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Ready or not, here comes campaign season

Republican New York City Mayor Michael Bloomberg, right, speaking Wednesday about New York City’s bid for the 2012 Olympics alongside New York Gov. George Pataki, left, and Rep. Charles Rangel, D-N.Y., faces an election in November to keep his post in a city where Democratic registered voters outnumber Republicans 5-to-1.
Republican New York City Mayor Michael Bloomberg, right, speaking Wednesday about New York City’s bid for the 2012 Olympics alongside New York Gov. George Pataki, left, and Rep. Charles Rangel, D-N.Y., faces an election in November to keep his post in a city where Democratic registered voters outnumber Republicans 5-to-1.Gregory Bull / AP
/ Source: NBC News

Republicans still might be celebrating their victories from November. Democrats still might be licking their wounds. And the public, frankly, still might be exhausted after a nearly yearlong presidential race. But ready or not, the 2005 campaign season is already upon us.

There are four marquee political contests this year: mayoral races in Los Angeles and New York, and gubernatorial face-offs in New Jersey and Virginia. For Democrats, all of these races — except for the one in L.A., where Democrats are already guaranteed to hold onto the office — represent excellent opportunities to rebound from their defeats in 2004. Unlike last year, when many of the key down-ballot races took place in GOP-friendly states, this year’s contests primarily occur on the Democrats’ home turf. And while Virginia is hardly a blue state, political analysts say this race is a toss-up, providing Democrats a solid chance to prove they can win in the South.

But winning in New York and Virginia, experts point out, won’t be easy for the Democrats. And even if they win these races, they say, it’s unlikely that the victories will actually foreshadow some kind of larger trend.

Virginia’s contest to replace term-limited incumbent Gov. Mark Warner may very well be the year’s most competitive — and most interesting — race. For starters, it takes place in a traditionally GOP state, where the Democrat Warner is very popular. Moreover, the major candidates in this race — Democratic Lt. Gov. Tim Kaine and Republican Attorney General Jerry Kilgore — are the political heirs, respectively, to two men who may very well run for president in 2008: Warner and U.S. Sen. George Allen, R-Va.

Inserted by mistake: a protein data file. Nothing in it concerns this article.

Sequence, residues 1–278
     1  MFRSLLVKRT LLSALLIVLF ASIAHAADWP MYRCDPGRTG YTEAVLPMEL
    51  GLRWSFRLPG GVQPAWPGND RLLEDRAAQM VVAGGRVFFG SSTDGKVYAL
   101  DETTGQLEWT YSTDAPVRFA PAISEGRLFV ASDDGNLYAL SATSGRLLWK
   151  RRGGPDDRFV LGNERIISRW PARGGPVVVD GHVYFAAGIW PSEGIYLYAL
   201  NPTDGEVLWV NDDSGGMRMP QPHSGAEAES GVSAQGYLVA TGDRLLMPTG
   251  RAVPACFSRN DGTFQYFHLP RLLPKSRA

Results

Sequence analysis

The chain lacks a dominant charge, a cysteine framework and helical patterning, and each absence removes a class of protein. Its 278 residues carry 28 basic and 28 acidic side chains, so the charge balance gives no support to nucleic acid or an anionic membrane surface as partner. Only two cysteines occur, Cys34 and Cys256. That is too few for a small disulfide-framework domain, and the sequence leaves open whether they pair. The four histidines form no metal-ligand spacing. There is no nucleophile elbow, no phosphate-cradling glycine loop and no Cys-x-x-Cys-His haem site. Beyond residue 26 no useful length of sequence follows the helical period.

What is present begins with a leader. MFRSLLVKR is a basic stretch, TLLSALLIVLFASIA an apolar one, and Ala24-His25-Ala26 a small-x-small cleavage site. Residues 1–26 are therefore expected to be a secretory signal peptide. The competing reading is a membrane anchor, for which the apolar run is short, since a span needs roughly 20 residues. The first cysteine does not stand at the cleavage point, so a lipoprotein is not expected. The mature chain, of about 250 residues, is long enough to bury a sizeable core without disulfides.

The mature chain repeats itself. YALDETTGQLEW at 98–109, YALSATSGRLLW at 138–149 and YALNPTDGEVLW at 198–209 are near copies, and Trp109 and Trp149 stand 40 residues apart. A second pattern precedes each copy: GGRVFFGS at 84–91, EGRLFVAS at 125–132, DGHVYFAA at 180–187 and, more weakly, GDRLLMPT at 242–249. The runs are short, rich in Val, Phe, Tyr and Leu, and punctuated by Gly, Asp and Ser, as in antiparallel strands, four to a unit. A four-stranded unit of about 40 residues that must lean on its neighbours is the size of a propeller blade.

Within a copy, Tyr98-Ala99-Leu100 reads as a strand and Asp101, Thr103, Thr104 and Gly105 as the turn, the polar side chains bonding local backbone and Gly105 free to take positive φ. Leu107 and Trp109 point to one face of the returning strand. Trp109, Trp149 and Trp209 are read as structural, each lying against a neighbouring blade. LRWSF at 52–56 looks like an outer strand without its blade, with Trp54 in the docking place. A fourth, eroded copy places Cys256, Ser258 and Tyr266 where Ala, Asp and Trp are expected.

Not surprisingly, Kaine is trying to make the race a referendum on Warner, who by law is limited to just one term. Indeed, University of Virginia political scientist Larry J. Sabato notes that the ideological successors to popular one-term Virginia governors — like Democrat Gerald Baliles (who replaced former Democratic Gov. Chuck Robb), and James Gilmore (who took over for George Allen) — have traditionally won this race. "That is Kaine’s hope," Sabato said.

On the other hand, Kilgore’s plan is to stick to the GOP playbook in this fairly conservative state and brand Kaine as a liberal and death-penalty opponent. (Kaine does oppose the death penalty on religious grounds, but has said that if elected governor, he would be duty-bound to carry out state executions.) "They are saying, ‘He’s not Mark Warner’s younger brother. He’s John Kerry’s cousin,’" said RobertHolsworth, the director of the L. Douglas Wilder School of Government at Virginia Commonwealth University. In the 2004 presidential race, President Bush defeated Kerry in Virginia, 54 percent to 45 percent.

The wild card in this race, Sabato points out, is liberal GOP state Sen. Russ Potts, who might run as an independent and possibly drain support away from Kilgore. In addition, Kilgore faces a challenge in the June 14 primary from Warrenton, Va., mayor George Fitch; so far, Kaine doesn’t have any Democratic opposition.

Democrats also have a realistic, yet equally tough, chance to defeat incumbent New York City Mayor Michael Bloomberg this November. After all, Democrats enjoy a more than 5-1 registration advantage over Republicans in the city. "On paper, this is one the Democrats —with their huge registration advantage — should have in their cap," explained Lee M. Miringoff, the director of the Marist College Institute for Public Opinion. But even with that advantage, he says, a Democrat hasn’t served as New York mayor since David Dinkins left office in 1993.